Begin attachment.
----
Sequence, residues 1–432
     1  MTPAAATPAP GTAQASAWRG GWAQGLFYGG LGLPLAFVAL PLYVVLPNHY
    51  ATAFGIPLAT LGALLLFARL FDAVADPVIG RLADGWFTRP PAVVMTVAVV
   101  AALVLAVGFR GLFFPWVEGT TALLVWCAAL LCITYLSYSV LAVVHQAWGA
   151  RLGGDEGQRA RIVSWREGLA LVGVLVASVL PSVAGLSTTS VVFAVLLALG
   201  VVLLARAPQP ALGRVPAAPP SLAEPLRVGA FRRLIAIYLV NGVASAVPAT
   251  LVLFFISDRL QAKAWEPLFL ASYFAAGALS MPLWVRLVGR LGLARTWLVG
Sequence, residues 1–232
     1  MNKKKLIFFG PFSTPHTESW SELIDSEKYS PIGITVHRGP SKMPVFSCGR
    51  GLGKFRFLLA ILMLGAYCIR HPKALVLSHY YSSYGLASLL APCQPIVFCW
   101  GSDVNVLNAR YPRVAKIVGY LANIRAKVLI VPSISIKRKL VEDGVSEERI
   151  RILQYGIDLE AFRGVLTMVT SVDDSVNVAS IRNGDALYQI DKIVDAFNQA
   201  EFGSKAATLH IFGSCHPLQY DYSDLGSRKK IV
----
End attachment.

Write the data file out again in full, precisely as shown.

Sequence, residues 1–432
     1  MTPAAATPAP GTAQASAWRG GWAQGLFYGG LGLPLAFVAL PLYVVLPNHY
    51  ATAFGIPLAT LGALLLFARL FDAVADPVIG RLADGWFTRP PAVVMTVAVV
   101  AALVLAVGFR GLFFPWVEGT TALLVWCAAL LCITYLSYSV LAVVHQAWGA
   151  RLGGDEGQRA RIVSWREGLA LVGVLVASVL PSVAGLSTTS VVFAVLLALG
   201  VVLLARAPQP ALGRVPAAPP SLAEPLRVGA FRRLIAIYLV NGVASAVPAT
   251  LVLFFISDRL QAKAWEPLFL ASYFAAGALS MPLWVRLVGR LGLARTWLVG
Sequence, residues 1–232
     1  MNKKKLIFFG PFSTPHTESW SELIDSEKYS PIGITVHRGP SKMPVFSCGR
    51  GLGKFRFLLA ILMLGAYCIR HPKALVLSHY YSSYGLASLL APCQPIVFCW
   101  GSDVNVLNAR YPRVAKIVGY LANIRAKVLI VPSISIKRKL VEDGVSEERI
   151  RILQYGIDLE AFRGVLTMVT SVDDSVNVAS IRNGDALYQI DKIVDAFNQA
   201  EFGSKAATLH IFGSCHPLQY DYSDLGSRKK IV